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    5. I don't get it. The other Gray photo that Roy alludes to. Did I miss that one? And is it exactly the same as this one with same background location? If not it has to be the same creature at another time and place.

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    6. Roland,how much for all three books?

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    7. "I don't get it. The other Gray photo that Roy alludes to. Did I miss that one? And is it exactly the same as this one with same background location? If not it has to be the same creature at another time and place."

      You missed it indeed, taken in May 2001 by James Gray, it gets a chapter in my book and is a long neck shot. Search google images for "james gray loch ness" and you will see the long black 6ft neck.

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    8. john, all 3 books are 41 pounds sterling.

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  3. *subjected to a masterclass in pseudo-sceptical debunking and as a consequence rejected by many in the cryptozoological community.* That's understandable. Most hard core pseudo skeptics want to see a carcass on a slab in a morgue.

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    1. And they shouldn't show their faces until one turns up!

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  4. Roland,please post an Amazon link to your book.

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    1. The links are at the top, click on Amazon USA or UK.

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  5. Coming right up..but first I'll need a fifty foot slab that can support a 45 foot 8 ton muscular animal!

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  6. Did you have to pay to publish the snaps or are they out of copyright/ in the public domain ?
    I remember Dinsdale getting sniffy when O'Connor ( or was it Cockerell ) wanted a huge wad to include the snap in Tim's latest book.

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    1. Whwn it comes to a paid book, you have to seek permission to reproduce and that means a combination of talking/negotiating with the original picture taker, their surviving family, the agent or the newspaper. Even then, not all owners can be found despite a good search.

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    2. I hope Ricky Phillips wasn't "sniffy" But, he must have his own huge wad, what with being a historian, writing books, tour guide and television appearances. Nice :)

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  7. NOTE: Further text added to article on the splash seen in the animated sequence.

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    1. Ah...good thing you picked that up GB. I assumed it was the splash/spray of the creature “diving” a la Alex Campbell's big splash sighting. Could the splash be fish or something else fleeing the scene in panic?

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    2. I think the splash is too big for fish.

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  8. Looks an excellent read Roland - ordered and hopefully arriving tomorrow - cheers!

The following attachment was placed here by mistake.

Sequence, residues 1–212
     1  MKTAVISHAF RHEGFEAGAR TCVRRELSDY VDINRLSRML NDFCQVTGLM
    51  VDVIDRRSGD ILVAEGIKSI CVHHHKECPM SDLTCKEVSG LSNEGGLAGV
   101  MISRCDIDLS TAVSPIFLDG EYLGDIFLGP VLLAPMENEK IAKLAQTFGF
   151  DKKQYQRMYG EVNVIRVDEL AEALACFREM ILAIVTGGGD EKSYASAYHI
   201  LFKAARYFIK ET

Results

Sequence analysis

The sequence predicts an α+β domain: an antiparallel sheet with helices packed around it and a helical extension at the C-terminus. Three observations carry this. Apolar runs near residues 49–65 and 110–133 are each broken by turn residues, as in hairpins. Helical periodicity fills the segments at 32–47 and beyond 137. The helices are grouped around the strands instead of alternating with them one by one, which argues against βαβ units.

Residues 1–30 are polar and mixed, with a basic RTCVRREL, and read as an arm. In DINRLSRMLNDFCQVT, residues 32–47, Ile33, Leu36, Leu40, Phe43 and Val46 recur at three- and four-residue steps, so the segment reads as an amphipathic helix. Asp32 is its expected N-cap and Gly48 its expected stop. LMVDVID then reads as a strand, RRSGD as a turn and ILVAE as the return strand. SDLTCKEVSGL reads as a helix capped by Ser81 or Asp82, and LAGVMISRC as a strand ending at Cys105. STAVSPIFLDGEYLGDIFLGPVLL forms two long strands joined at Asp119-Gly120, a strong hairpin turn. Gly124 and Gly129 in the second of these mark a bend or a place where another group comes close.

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  9. I have just read up an article on this photograph sequence and it says one of the middle photographs was a different colour and contrast to the others.Surely if this is right they cannot be a sequence of photographs? What is your opinion of this Roland?

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  10. I have not got the book so can you give me your opinion here Roland. I hope there is a genuine answer as to why one photograph is a different colour to the others, because its nagging at me,although i find the photographs very interesting.

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  11. Its not just the diffrent colour in question...didnt mr raynor say the days were wrong..the weather was diffrent plus there is no lay by were mr johnstone said he took the photos from?? Very suspicious im afraid for me...but not to dwell on one photo im sure there are plenty of intrestin stuff in the new book and maybe one or two of the photos might even be of the resident tulllimunstrems !!! ..cheers ..Roy

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  12. Talking of photographs,Adrian Shine has just been on television on the Secret Scotland programme showing a couple of old nessie photographs.When it comes to loch ness there is no show without punch, its the same old boring drivel he comes out with.

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    1. “Secret Scotland Programme”? Gezza, it sounded to me like a plan for the safety and security of The Loch Ness Monster until I Googled it. Anyway have a look at these stories:

      Scotland's plan if Loch Ness Monster is caught

      https://www.nzherald.co.nz/world/news/article.cfm?c_id=2&objectid=12085193

      England once had a sinister plan to kidnap the LNM. Now it's getting silly!

      https://mysteriousuniverse.org/2014/10/england-once-plotted-to-kidnap-the-loch-ness-monster/

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  13. Having just read Dick Raynor's analysis, he does bring up some interesting points and draws some suspicion. Of one thing he can agree on is that the objects in both the Gray and Johnston bear a “strong similarity”. Hmmm... I don't know about that, similar, yes. Strong or identical similarity, no. I would even go as far as saying that the Johnston pic hints at more of a “head” and smoother in contour than the Gray pic. Agreed that it does show an “neck” type object. I await to read GBs explanation in his book

    According to Dick Raynor:

    1 Photo taken in July, not August.

    2 Absence of lay-bys from which to have an unobstructed view of the alleged photo location.

    3 Weather conditions not in agreement for the day of the sighting and photo.

    3 The possibility of collusion between James Gray and Roy Johnston. Even suggesting that Gray is the
    taker of the Johnston photo.

    http://www.lochnessinvestigation.com/gray.html#johnston